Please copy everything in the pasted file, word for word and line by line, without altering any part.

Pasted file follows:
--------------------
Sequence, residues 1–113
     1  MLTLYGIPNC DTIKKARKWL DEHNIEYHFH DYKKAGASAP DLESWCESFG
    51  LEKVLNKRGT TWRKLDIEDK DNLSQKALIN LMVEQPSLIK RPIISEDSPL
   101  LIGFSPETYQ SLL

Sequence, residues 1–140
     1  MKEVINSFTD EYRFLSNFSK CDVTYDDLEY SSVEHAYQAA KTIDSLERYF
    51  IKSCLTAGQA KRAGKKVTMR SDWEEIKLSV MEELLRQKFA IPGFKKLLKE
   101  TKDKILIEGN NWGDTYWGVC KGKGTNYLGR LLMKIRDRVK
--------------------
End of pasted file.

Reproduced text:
Sequence, residues 1–113
     1  MLTLYGIPNC DTIKKARKWL DEHNIEYHFH DYKKAGASAP DLESWCESFG
    51  LEKVLNKRGT TWRKLDIEDK DNLSQKALIN LMVEQPSLIK RPIISEDSPL
   101  LIGFSPETYQ SLL

Sequence, residues 1–140
     1  MKEVINSFTD EYRFLSNFSK CDVTYDDLEY SSVEHAYQAA KTIDSLERYF
    51  IKSCLTAGQA KRAGKKVTMR SDWEEIKLSV MEELLRQKFA IPGFKKLLKE
   101  TKDKILIEGN NWGDTYWGVC KGKGTNYLGR LLMKIRDRVK